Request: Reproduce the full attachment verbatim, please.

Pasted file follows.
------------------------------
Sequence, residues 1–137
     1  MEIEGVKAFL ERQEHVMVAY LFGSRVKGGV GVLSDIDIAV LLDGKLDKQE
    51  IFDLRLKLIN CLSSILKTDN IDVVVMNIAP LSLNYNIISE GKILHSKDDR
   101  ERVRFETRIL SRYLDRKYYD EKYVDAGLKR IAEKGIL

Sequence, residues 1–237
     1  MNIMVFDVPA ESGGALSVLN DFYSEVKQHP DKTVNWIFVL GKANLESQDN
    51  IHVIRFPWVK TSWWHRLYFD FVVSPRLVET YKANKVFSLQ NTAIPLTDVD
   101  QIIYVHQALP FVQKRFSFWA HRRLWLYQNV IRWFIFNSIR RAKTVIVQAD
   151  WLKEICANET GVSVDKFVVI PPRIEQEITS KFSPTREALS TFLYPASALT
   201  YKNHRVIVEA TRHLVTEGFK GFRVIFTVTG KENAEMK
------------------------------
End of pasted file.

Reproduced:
Sequence, residues 1–137
     1  MEIEGVKAFL ERQEHVMVAY LFGSRVKGGV GVLSDIDIAV LLDGKLDKQE
    51  IFDLRLKLIN CLSSILKTDN IDVVVMNIAP LSLNYNIISE GKILHSKDDR
   101  ERVRFETRIL SRYLDRKYYD EKYVDAGLKR IAEKGIL

Sequence, residues 1–237
     1  MNIMVFDVPA ESGGALSVLN DFYSEVKQHP DKTVNWIFVL GKANLESQDN
    51  IHVIRFPWVK TSWWHRLYFD FVVSPRLVET YKANKVFSLQ NTAIPLTDVD
   101  QIIYVHQALP FVQKRFSFWA HRRLWLYQNV IRWFIFNSIR RAKTVIVQAD
   151  WLKEICANET GVSVDKFVVI PPRIEQEITS KFSPTREALS TFLYPASALT
   201  YKNHRVIVEA TRHLVTEGFK GFRVIFTVTG KENAEMK